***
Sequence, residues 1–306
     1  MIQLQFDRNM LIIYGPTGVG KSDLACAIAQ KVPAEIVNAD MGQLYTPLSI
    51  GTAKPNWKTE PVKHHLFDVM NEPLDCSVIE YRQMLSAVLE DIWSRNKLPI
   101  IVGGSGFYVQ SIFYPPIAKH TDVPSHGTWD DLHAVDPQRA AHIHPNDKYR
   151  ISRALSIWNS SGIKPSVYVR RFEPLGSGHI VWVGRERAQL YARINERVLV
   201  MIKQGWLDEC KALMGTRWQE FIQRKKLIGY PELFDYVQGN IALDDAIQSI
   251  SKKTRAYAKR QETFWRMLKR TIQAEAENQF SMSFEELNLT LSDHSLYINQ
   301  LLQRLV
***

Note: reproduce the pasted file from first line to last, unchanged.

Sequence, residues 1–306
     1  MIQLQFDRNM LIIYGPTGVG KSDLACAIAQ KVPAEIVNAD MGQLYTPLSI
    51  GTAKPNWKTE PVKHHLFDVM NEPLDCSVIE YRQMLSAVLE DIWSRNKLPI
   101  IVGGSGFYVQ SIFYPPIAKH TDVPSHGTWD DLHAVDPQRA AHIHPNDKYR
   151  ISRALSIWNS SGIKPSVYVR RFEPLGSGHI VWVGRERAQL YARINERVLV
   201  MIKQGWLDEC KALMGTRWQE FIQRKKLIGY PELFDYVQGN IALDDAIQSI
   251  SKKTRAYAKR QETFWRMLKR TIQAEAENQF SMSFEELNLT LSDHSLYINQ
   301  LLQRLV